Thinking is hard work. Much too difficult for this dried legume I call my brain. And yet, I find myself painfully hashing out a new plot. I have a general story. I know how it’s going to end. I know the premise, the characters, and some of the twists. In fact, I thought I had enough basic information that plotting this one would be like drift diving along a scenic reef.
Not so much.
Instead of coming up with concrete, workable ideas, I get distracted. Which is not like me in regular life. I’m usually disciplined—work before pleasure and all that. Like the character on Friends. What was her name? The Courteney Cox character, not Rachel, who was Jennifer Aniston. You know, the one who got all bent because her friends wouldn’t click the caps on the marking pens and they’d dry out? I never liked her and really hate that I can be like her…. Um. What was I saying about distractions?
Then there’s the fact that I’m a lazy thinker. I can get out of working for new ideas by telling myself that it would do my shriveled up gray matter good to rest and take in a movie to absorb story telling by osmosis. Or, really, wouldn’t it be better to read that new book on craft to gain some inspiration? Or maybe that old book on craft.
It’s said the great ones like Hemmingway and Fitzgerald knocked back a few cocktails to loosen the creative juices. Many of my writing pals have play lists or use pictures tacked to their walls to inspire them and keep them focused.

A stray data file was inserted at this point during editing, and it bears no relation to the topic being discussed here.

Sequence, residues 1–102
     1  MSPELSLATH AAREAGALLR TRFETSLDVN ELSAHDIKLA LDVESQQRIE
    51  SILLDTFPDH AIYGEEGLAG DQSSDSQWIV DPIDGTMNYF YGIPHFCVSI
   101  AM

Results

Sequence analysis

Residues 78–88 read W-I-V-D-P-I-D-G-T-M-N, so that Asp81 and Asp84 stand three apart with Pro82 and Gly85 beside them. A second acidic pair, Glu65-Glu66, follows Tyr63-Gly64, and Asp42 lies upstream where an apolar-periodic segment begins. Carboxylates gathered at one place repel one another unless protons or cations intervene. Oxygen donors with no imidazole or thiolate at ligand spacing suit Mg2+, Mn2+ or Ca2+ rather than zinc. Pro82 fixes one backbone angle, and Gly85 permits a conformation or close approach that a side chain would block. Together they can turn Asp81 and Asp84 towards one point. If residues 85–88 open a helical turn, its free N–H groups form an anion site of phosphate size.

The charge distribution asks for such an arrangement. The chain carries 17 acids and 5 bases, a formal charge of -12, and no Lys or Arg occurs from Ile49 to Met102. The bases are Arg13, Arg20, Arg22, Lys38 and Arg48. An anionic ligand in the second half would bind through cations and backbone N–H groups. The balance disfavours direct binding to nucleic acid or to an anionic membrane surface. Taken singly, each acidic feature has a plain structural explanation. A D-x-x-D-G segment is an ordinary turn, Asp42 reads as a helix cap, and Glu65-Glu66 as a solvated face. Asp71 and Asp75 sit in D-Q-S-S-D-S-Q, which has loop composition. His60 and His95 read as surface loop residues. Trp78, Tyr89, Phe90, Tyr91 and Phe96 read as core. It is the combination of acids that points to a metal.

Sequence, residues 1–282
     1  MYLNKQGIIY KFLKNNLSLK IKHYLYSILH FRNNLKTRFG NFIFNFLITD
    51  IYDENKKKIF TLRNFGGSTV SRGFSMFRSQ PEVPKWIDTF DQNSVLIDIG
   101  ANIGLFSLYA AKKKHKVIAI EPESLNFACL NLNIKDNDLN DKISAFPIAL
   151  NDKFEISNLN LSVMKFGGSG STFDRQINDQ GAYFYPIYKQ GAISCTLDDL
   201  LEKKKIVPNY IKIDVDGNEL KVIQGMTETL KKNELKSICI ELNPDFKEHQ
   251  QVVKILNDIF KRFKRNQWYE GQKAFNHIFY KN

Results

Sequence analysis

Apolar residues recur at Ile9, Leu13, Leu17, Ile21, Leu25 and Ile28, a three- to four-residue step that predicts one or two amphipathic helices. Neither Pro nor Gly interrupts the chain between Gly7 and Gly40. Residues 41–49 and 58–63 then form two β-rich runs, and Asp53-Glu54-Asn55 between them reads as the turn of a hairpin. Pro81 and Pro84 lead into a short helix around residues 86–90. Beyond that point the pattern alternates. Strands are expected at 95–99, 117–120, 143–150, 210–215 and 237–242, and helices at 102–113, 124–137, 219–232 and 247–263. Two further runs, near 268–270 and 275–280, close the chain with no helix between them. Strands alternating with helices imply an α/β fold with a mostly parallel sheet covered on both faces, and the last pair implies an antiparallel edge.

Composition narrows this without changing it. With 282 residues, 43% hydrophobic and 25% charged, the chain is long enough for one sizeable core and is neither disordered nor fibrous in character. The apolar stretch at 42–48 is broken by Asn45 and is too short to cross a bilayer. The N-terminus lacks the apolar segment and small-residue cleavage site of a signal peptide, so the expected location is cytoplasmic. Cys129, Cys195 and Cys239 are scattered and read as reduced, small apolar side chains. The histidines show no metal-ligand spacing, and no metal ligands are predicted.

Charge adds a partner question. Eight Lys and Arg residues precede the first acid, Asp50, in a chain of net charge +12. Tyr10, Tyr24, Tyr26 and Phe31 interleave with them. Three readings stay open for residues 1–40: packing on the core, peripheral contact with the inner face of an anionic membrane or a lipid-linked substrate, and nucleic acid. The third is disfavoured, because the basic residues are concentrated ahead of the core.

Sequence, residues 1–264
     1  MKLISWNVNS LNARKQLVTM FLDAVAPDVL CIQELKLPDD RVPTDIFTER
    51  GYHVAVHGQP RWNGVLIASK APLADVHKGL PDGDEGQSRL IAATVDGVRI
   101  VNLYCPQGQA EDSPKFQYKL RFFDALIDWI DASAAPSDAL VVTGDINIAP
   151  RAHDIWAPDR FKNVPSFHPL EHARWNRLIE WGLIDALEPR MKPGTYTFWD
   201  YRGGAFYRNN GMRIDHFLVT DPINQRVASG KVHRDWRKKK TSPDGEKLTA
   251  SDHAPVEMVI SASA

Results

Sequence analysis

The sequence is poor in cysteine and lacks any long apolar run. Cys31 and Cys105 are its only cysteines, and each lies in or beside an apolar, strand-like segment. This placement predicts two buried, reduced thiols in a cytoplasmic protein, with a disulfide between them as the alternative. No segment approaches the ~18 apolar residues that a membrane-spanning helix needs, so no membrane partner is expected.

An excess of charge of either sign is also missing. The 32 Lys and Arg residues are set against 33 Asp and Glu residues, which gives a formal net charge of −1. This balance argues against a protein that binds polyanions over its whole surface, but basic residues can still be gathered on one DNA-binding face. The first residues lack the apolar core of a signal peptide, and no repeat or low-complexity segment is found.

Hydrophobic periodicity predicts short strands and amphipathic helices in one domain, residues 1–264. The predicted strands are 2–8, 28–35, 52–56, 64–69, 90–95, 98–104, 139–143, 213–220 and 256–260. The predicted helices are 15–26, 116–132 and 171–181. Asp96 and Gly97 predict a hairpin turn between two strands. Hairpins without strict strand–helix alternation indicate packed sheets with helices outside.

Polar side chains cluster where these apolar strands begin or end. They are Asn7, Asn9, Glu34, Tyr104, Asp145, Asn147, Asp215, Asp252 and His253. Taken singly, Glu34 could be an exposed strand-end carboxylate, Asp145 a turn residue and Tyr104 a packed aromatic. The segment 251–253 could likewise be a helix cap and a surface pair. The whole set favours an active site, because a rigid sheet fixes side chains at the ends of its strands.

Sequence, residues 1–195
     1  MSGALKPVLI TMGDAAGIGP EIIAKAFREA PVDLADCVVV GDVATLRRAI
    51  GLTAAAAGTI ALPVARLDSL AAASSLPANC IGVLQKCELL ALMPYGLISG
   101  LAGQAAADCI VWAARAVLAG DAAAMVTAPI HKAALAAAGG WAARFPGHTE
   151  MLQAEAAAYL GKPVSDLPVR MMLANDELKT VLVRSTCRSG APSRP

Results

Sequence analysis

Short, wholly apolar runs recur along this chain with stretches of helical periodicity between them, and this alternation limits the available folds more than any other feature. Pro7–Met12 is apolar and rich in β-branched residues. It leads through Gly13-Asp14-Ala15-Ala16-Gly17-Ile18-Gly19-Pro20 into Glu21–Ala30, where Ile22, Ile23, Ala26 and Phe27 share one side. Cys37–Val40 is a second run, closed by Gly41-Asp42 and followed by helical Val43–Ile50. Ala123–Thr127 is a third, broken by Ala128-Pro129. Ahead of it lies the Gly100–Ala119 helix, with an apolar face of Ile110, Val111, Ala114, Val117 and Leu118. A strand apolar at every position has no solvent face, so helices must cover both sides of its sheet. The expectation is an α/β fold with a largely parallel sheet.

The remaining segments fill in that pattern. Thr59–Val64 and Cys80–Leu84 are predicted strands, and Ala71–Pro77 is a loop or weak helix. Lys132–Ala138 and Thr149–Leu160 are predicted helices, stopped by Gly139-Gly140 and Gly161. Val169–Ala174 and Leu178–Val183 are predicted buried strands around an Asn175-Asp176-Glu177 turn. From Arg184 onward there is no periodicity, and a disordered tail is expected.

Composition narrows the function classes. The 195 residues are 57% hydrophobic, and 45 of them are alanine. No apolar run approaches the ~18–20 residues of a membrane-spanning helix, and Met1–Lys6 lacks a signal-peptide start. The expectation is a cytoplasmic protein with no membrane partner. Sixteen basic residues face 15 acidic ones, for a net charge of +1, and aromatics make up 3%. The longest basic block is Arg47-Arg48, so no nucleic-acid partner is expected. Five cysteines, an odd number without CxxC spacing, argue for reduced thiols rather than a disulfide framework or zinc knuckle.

Even as I write this The Man With Infinite Tolerance is scurrying around and he said, “You keep looking at me with a blank expression and I assume you’re thinking.” Just because he’s the only thing moving and my eyes can’t help but follow him might make it look like I’m thinking but really, I’m panicking. My brain is refusing to give me what I want.
There are two tricks I use to force myself to concentrate. They both involve physical things to make my mind forget it’s working. The first thing I do is get out my big, thick, yellow legal pad. It has to be a new one so I don’t fret (Courteney Cox character-esque. What the hell was her name?—Squirrel!) about running out of paper or wasting it. I write down questions: Why would Nora have to solve this murder? Why wouldn’t she call the cops? What happened to her cell phone? What is the first plot point? The midpoint? What is her character arc? You know how that list grows and grows.
Somehow, the act of moving my hand across the page can trigger thoughts and many times the answers flow. Often, the characters themselves answer in their own voice. (Oh, don’t pretend I’m the only one sick enough to do this. You KNOW you hear your characters, too.)
The other ploy is to strap on my running shoes or hiking boots and hit the trail or pavement. Walk, run, plod, trek, traipse. Whatever it takes. I pound myself into some kind of trance and my eyes turn around and start to look into my brain. Please, dog, someone tell me you do something like this, too. My brain becomes like a movie screen and the scenes play themselves out before my turned-around eyes. They aren’t always brilliant scenes, mind you, but sometimes magic strikes and it works. I’ve also done this on cross-country drives but I don’t recommend it. It’s really hard to concentrate on driving if your eyes are turned around in your head.
If you are one of those geniuses who don’t writhe in pain when you plot, I don’t want to hear from you. But if you struggle and fight your brain to give you the shining nuggets, I’d love to hear how you make it cough up the goods.